“It’s a mistake to think that modern furniture demands a homogenously modern setting,” says Scott Moser of J Mark Designs, Inc., in Naples, FL. Actually, many homeowners are moving away from the matchy-matchy approach, opting for a more eclectic and unpredictable style. And modern furniture’s clean lines and simple forms make it an ideal candidate for mixing and matching.
“It’s awesome to combine a sleek contemporary sofa with an oriental rug and an heirloom chair,” Moser says. “These different pieces with interesting elements can become fast friends.”
Contrast is the key here. Start with a long, sculptural piece such as a couch or sideboard and add a detailed side table, tufted armchair or even traditional piece of art with an elaborate carved frame. Likewise, a contemporary cocktail table placed in front of a more classic sofa can add needed edge.
Setting, too, can provide an inherent contrast for the décor. “We find that contemporary pieces play well in a barn room or other area with rustic walls, exposed brick or even beams in the ceiling,” Moser says. “Lines can be used to play off of other lines.”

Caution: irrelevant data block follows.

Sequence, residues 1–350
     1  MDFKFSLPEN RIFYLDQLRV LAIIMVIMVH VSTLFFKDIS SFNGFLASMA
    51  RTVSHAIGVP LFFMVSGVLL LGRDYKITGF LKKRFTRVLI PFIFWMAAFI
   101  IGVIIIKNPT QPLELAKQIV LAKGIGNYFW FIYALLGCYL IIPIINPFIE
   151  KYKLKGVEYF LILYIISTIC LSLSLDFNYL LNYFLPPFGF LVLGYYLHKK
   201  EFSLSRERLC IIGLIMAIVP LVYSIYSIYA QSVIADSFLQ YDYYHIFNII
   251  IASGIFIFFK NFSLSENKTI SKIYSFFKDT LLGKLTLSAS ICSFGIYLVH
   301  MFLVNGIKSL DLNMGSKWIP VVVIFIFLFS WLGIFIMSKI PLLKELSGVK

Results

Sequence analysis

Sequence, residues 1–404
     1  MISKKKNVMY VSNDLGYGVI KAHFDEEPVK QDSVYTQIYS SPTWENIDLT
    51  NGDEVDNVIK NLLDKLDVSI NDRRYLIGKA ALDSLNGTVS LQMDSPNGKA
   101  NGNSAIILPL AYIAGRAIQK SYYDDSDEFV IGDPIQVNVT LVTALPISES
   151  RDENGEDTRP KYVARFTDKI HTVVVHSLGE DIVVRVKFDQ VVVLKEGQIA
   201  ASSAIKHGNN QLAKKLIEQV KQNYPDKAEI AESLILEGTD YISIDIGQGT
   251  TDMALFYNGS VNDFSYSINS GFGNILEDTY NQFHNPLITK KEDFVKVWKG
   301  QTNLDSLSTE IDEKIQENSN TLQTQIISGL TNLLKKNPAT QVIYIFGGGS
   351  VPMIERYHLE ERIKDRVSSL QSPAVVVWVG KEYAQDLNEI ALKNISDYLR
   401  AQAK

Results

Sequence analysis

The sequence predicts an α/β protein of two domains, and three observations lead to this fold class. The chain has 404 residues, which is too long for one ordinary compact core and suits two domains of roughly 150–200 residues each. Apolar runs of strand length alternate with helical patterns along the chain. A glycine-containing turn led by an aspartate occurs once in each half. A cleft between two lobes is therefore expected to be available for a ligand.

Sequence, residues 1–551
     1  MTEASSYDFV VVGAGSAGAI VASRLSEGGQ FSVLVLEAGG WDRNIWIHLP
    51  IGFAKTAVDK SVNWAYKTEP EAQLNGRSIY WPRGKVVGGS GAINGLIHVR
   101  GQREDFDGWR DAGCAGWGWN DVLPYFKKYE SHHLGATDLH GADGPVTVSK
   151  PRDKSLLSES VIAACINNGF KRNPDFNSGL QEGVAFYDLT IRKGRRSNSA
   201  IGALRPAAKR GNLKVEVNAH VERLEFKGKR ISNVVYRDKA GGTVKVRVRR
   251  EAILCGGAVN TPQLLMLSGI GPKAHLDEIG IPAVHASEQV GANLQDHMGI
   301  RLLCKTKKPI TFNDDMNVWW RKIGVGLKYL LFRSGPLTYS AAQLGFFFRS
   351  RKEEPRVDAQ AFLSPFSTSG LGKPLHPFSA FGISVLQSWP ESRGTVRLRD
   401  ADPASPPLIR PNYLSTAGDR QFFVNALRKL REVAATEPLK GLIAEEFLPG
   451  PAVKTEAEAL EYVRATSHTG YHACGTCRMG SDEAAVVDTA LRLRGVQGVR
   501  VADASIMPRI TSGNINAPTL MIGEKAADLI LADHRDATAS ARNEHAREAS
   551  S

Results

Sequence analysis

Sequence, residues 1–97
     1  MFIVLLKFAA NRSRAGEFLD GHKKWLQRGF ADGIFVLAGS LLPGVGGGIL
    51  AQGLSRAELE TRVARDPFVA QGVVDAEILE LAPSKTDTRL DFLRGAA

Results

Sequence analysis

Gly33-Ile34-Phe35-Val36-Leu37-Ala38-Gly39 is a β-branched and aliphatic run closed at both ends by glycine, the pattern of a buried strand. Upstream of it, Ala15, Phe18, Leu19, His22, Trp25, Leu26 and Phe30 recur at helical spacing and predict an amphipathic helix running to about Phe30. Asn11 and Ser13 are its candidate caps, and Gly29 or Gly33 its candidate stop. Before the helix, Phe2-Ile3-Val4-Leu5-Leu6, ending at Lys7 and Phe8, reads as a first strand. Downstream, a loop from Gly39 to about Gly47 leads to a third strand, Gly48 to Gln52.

One of Moser’s favorite tactics is to combine modern furniture with Asian antiques, as in this showroom setting above. “Asian designs have a naturally clean, Zen feeling which is a natural fit for contemporary furniture,” he says. The cubed credenza with its striking graphic form takes center stage with the Buddha head adding a serene nod to the past. It doesn’t have to end with the Buddha, either: Primitive art and salvaged architectural details—think Shaker or Mission—can echo the simple shapes of modern upholstery.
While much modern furniture emphasizes white, black and silver, contemporary need not mean colorless. “You shouldn’t be afraid to use color boldly. Let it pop,” Moser says. In this arrangement above, bright chartreuse, green and aqua pillows bring a playful, even humorous personality to aristocratic white Mid-Century Modern bucket chairs, while the cerulean glass vases anchor the room. Texture, too, can be layered for effect, with a nubby rug or chenille couch accenting smooth leather upholstery or a glass table. “The more texture you add, the more you take off the chill and make the room more approachable,” shares Moser. (Note that in the above room, another Asian piece, a dividing screen from the 1800s, lurks behind, its hand carvings are a warm reminder of a human touch.)
Left to its own devices, modern design can feel a little soul-less. Organic elements such as driftwood sculptures, plants, shells and unfinished wood shelving soften the edges of futuristic contemporary forms and provide a soothing reminder of the natural world. “Think about what you can do to boost comfort and make a room seem more inviting,” Moser says.
The best rule of all when it comes to mixing and matching with modern furniture? There are no rules. “If you think too hard about what you’re doing, it starts to become contrived,” Moser says. In other words, start with what you love and let your instincts guide you.
Written by Elisa Ludwig
J Mark Designs
3950 Tamiami Tr. N.
Naples, FL 34103